(Modified) Work Clock

    "A nice simple fun project. It made me smile and it sort of managed to alter time." - Community Member

     

    The Runners Up

    Runners Up:

     

    The following members received first place votes.

     

    Spectrum Clock by maxpowerr:

     

    maxpowerr  had the idea of representing time as a spectrum of colors. There are already similar ideas on the Internet, but they are a little difficult to accurately determine the time. maxpowerr wanted to make a simpler and more understandable clock. To represent the time, he decided to use two hue wheels, one for the hour and one for the minutes and seconds. In the center, he decided to place the yin and yang symbol, the upper part of which will display hours and the lower part of the minute, two dots, will display seconds.

     

    For the project, he decided to use a WS2812b addressable LED strip (I took 1 meter 144 LEDs), an Arduino Nano and a thin 22AWG wire. He also designed the case and 3D printed it.

     

    Spectrum Clock

    "I found this a really nicely made and presented project - the 3D printed shapes were truly lovely. I must admit I wouldn't be able to tell the time from it but the idea must still be rewarded in my opinion." - Community Member Judge

     

     

    NeRDPACk - No RTC DigitPad Alarm Clock  by nmccloud:

    nmccloud  foregoes using a Real Time Clock module. Some of the Arduino's in his collection have actual crystal oscillators on them, rather than rather temperature sensitive and fundamentally inaccurate ceramic oscillators. So if the RTC module uses a crystal and he's got an Arduino with a crystal on it, why can't he write the code to run a reasonably accurate clock? The single biggest issue is the an RTC uses a crystal tuned to 32,768Hz which is rather easy for a computer to divide down to 1Hz aka a one second tick. Whereas he's had an Arduino running at 16MHz which doesn't divide so easily and, as a surprise to some, means the millis() function is actually off by just a little bit. It's reliable & consistent, but the difference needs to be corrected. He already had some pointers from various pages on the internet about tracking the accumulating error and how, once there has been some calibration, the difference can be accounted for.

     

    This is a fairly typical Arduino Pro Mini with the large oval can that is a proper crystal oscillator. So after re-finding the pages buried deep on the inter webs using his sketchy recall of the keywords, he spent a surprisingly short amount of time coding the algorithm and a stupidly large amount of time running various calibration runs - sometimes thwarted by Windows 10 deciding to do an automatic restart after an automatic update - that lost several overnight runs. The varying results average out about 2 or 3 seconds per month, which isn't as good as a decent RTC module with some sort of temperature compensation and millions of $$$ of research, design and testing, but it's good enough for the purposes of waking him up. Having got the Arduino making like an RTC, the next bit was to get the two main external components working.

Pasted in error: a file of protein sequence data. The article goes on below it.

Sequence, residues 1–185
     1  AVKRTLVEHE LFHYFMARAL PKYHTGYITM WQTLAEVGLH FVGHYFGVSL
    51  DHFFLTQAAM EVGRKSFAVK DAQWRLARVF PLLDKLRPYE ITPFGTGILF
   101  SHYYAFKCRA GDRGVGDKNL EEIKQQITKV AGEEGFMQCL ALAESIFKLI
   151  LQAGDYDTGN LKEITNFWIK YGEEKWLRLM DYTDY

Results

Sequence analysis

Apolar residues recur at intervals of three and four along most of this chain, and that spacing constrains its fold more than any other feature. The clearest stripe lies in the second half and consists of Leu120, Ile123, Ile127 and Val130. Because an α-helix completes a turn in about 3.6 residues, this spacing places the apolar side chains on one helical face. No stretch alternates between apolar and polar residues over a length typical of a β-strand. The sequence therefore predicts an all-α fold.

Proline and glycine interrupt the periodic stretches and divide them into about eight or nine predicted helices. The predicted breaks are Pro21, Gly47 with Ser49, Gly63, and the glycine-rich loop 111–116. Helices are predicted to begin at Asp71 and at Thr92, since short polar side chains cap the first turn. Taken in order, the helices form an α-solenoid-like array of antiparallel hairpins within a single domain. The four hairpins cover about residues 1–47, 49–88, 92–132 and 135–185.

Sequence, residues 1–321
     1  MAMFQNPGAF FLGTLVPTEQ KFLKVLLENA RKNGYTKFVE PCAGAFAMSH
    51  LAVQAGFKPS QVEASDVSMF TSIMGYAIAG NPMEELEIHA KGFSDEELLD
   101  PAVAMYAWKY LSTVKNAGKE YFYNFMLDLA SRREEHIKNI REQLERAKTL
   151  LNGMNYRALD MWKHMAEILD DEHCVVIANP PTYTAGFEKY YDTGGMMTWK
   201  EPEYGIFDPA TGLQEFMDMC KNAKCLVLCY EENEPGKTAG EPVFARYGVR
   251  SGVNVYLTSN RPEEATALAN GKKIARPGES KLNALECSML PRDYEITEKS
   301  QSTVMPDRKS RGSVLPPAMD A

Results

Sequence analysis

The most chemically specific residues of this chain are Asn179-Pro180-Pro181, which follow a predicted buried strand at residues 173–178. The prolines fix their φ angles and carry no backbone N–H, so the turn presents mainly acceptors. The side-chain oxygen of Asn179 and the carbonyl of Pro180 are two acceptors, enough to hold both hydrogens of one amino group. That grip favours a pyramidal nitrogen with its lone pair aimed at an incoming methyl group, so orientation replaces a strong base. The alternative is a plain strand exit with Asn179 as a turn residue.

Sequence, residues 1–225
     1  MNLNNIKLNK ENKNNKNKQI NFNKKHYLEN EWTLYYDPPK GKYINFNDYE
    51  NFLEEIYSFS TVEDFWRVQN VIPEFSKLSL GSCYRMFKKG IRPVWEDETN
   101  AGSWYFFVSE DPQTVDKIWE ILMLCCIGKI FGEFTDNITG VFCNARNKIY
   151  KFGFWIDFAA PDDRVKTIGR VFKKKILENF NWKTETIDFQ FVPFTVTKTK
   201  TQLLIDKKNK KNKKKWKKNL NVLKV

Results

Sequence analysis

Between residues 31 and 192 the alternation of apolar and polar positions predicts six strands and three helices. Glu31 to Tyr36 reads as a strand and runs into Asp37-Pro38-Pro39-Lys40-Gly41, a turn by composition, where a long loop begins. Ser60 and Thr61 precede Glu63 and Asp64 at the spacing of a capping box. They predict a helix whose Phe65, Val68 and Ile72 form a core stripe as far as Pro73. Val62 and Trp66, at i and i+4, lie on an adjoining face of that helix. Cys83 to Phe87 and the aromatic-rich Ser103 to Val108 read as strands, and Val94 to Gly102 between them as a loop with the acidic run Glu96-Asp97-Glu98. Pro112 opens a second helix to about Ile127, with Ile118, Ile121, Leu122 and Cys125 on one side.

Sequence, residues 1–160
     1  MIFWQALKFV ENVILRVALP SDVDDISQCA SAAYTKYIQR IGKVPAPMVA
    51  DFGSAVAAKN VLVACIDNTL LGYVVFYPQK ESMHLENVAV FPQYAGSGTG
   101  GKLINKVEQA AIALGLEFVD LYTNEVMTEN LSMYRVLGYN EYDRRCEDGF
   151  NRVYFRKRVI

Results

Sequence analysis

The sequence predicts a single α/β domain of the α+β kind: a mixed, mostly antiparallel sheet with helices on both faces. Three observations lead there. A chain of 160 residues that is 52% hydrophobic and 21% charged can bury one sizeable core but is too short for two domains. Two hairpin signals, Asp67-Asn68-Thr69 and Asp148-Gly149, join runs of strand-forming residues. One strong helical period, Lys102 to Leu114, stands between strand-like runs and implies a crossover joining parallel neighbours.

NeRDPACk - No RTC DigitPad Alarm Clock

     

     

     

     

    SunPathClock by bernhardmayer:

     

    Nowadays GNSS receivers are so cheap that you don't only use them for their actual task, positioning, but also for more trivial tasks like giving the time. This was done in the Self-adjusting clock with e-display  project. The only downside of this is that the receiver somehow needs to receive signals from the satellites. So in basements or other covered places this won't work. But with more sensitive receivers this gets less a concern. Additionally when there is already a GNSS receiver in the system, you could also use it's positioning feature. One goal would be to show the times for sunrise and sunset. Another goal is to draw the position of the sun at the location of the clock. These dates highly depend on the position. So this is a perfect fit. And this is what bernhardmayer is going to show in his project.

     

    His project is based on an Arduino MKR WiFi 1010. As GNSS receiver he uses the Adafruit Ultimate GPS Breakout.  This is based on the MTK3339 chipset. As a display he used his ArduHMI shield which he already introduced in  NFC-Badge - Update your badge with your smartphone - Design data of the HMI shield  - Design data of the HMI shield . The latest version of the shield also has an Arduino MKR connector so it can be directly plugged on top of the Arduino MKR WiFi. The data of the HMI shield is available on github. The project is powered by an USB power bank.

     

    SunPathClock

     

    "I liked this original idea for a clock display. Ive seen moon phases before, but not the sun." - Community Member Judge

     

    "Great design and a clever sun position concept makes for a truly unique timepiece.  Well done!" - Community Member Judge

     

    BulbDial - A Tale of a Sundial without the Sun  by wolfgangfriedrich:

     

    When the Making Time  competition started, wolfgangfriedrich's long-term memory forced his thoughts back into 2011 (sounds like a virtual time machine) when he was prototyping a sundial based on a regular clock movement and some LEDs, called a bulb dial.

     

    It all started from a blog post with just a beautiful concept drawing at Ironic Sans (amazing the the blog is still up 13 years later). The idea is simple and elegant. 3 light sources circle a pin and cast shadows in different length for hours, minutes and seconds.